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How not to be a Christian 2



Again, I am finding myself in a situation where the lack of information, lack of frame of reference and lack of common sense force distance between myself and people that I may normally identify with, even if only because they are family. And once again the issue is not in English and the mere thought of having to translate paranoid hogwash to make a point fills me with dread and desperation. So, I will summarise for the sake of my own mental health (etc):

A new Afrikaans translation of the Bible is planned for 2016. My own opinion is that the translations of the past few attempts have been clumsy and have not found a satisfactory middle way between devotional “high” language and accessibility. They have either come out sounding plain funny or too “common”. Obviously, others also think so, thus the Bible Society was approached for new translation, directly from source texts, to fill the need for a widely accepted version.

But even in Afrikaans we have those who swear by the oldest translation of all, the Afrikaans King James version, so to speak: the 1933 translation. The reason? An aversion to change and progress and new things that is not unique to Afrikaners, just embodied in a very special way…So out jump the Boere-avatars of the “what was good enough for St Paul is good enough for me”-attitude – do you know that someone actually SAID that to me once about the King James version? He was a Mennonite convert, an American hanging around Serbia at the time. Anyway, back to the old Transvaal:  I get this petition emailed, being back in the communication loop with the relatives across the river after some years of bashing heads with Zulus (I like Zulu people! Just had quite a hard time trying to get them not to be like Afrikaners (I am one) in their resistance to change…).

The petition, to stick to the point, goes something like this: please express your horror and aversion to the proposed 2016 translation of the Bible to Afrikaans, and insist on reverting to the 1933/1953 translations. Reason being that the new translation, according to the petition, is hell-bent on denying the deity of Christ, will present the Godhead in lower case instead of capital letters, and is therefore a plot of the New Age to bring God down to its level. The full content of the petition is available in Afrikaans (I refuse to translate this!) for those who can read it.

A few glances at the petition confirmed my initial suspicion – you just know when you get these emails – that it was a load of pooh (this is a Christian blog and I will avoid stronger expressions) and based on a load of pooh. 1. Why would the Bible Society do such things? 2. Why would the Bible Society do such things? 3. Why would the Bible Society… 4. Why did everybody who signed the petition not ask themselves that question/those questions before signing the petition in the crudest expression of disinformation and ignorance I have almost been pulled into in a long time? Why do people – staunch and concerned “Christians” in this case, insist on believing POOH before checking the facts? Why do Afrikaners, particularly, rise to the occasion when POOH is at stake instead of spending that righteously indignant energy to rectify the huge problems in their own society and attitudes?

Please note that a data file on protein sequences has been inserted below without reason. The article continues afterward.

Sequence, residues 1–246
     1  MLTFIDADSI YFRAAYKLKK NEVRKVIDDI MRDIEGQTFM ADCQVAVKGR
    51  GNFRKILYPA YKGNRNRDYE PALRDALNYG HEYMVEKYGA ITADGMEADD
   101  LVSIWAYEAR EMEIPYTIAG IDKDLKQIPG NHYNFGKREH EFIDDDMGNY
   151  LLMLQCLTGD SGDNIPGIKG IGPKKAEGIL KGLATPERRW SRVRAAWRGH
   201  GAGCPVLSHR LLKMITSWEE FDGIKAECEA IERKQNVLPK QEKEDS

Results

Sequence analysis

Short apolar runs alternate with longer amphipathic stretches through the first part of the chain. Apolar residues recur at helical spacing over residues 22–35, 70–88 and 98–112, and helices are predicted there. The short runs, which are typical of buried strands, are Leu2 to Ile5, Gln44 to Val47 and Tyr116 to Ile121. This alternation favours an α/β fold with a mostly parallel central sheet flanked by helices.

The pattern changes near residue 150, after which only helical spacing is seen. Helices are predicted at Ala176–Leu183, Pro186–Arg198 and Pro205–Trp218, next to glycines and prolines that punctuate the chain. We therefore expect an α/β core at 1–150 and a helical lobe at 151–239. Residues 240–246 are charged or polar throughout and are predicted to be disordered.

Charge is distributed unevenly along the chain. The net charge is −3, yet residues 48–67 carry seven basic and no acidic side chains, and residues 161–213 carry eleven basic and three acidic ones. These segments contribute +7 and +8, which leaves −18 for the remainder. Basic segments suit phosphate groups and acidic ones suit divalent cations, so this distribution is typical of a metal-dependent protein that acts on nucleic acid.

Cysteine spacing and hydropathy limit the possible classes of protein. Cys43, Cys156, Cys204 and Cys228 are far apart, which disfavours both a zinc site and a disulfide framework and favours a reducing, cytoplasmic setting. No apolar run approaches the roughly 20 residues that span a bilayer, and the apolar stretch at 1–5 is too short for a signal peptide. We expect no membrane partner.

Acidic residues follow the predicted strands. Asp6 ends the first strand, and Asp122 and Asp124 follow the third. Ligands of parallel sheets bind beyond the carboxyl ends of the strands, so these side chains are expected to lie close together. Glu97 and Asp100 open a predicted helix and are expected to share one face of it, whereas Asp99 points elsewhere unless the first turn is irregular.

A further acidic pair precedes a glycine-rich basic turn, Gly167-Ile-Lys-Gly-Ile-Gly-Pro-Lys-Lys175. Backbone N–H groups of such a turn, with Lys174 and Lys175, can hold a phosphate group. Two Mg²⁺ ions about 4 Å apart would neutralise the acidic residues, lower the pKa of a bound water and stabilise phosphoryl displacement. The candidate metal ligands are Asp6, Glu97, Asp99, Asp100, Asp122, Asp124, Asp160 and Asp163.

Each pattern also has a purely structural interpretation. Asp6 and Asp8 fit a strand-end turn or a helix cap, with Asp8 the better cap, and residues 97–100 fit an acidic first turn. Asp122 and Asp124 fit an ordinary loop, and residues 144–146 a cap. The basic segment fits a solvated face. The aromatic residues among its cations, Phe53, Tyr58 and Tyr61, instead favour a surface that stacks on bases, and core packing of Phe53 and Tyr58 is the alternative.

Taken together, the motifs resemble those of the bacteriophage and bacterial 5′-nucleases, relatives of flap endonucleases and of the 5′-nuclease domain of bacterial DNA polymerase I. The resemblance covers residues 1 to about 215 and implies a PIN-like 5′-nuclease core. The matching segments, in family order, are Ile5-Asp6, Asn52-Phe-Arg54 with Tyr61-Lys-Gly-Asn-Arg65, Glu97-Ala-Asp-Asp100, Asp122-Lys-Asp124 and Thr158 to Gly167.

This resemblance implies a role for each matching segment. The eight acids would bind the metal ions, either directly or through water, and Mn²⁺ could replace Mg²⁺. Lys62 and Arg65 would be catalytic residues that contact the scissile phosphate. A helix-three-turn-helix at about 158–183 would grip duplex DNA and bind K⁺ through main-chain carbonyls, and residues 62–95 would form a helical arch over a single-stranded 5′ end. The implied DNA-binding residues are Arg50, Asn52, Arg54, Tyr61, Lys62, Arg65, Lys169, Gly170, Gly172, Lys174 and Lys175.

Fortunately, thank Google, I was able to track the issue on the net and immediately came across the RATIONAL rebuttal of the petition by the Bible Society. Which I replied with to the person who sent me the petition, imploring: “Can we please be rational and not take part in malicious lies?” I don’t know whether the reply was forwarded to all the people the petition was sent to, but one can hope.

The issue on which the paranoid petition was based was the following: one matter that is always the subject of serious deliberation when doing a Bible translation from source documents is whether to translate the Old Testament in the light of the knowledge provided by the New Testament, or whether to translate it as Jews would read it, which would be the original way. In other words, even though CHRISTIANS know that the Messianic prophecies, notable of Isaiah 53, for example, were fulfilled by Jesus, and thus READ INTO THEM THE DEITY of the suffering servant, for instance, should we translate the passages from the Old Testament as if that knowledge were available at the time of the prophecy, and thus use capital letters for the Servant (e.g.), or not?

As the Bible Society pointed out in its explanation, different theologies – and Afrikaans churches in South Africa are not all birds of a feather on these issues – have different approaches to this issue and all are expecting the Bible Society to present things in THEIR preferred light. Also, as the Bible Society pointed out, in the original Hebrew their ARE no capital letters, so a literally true translation wouldn’t have them.

Who got the tail end of this issue? Or, as my mother would have said: Who got the bull by the teat? And why did it escalate into a full-blown storm with red-faced farmers blowing murder and mayhem and New Age and insisting on going back to translations that just don’t speak to most people any more? The basic question here: Why do Christians, ANY Christians, EVER react in paranoid and uninformed ways?

If we are indeed the crown of creation, we should also have the wisdom and refinement and tolerance and and and…that correspond to the crown of creation. Willful ignorance, crude expressions of indignation, and deliberate disinformation are not worthy of such a status. That is HOW NOT TO BE A CHRISTIAN.


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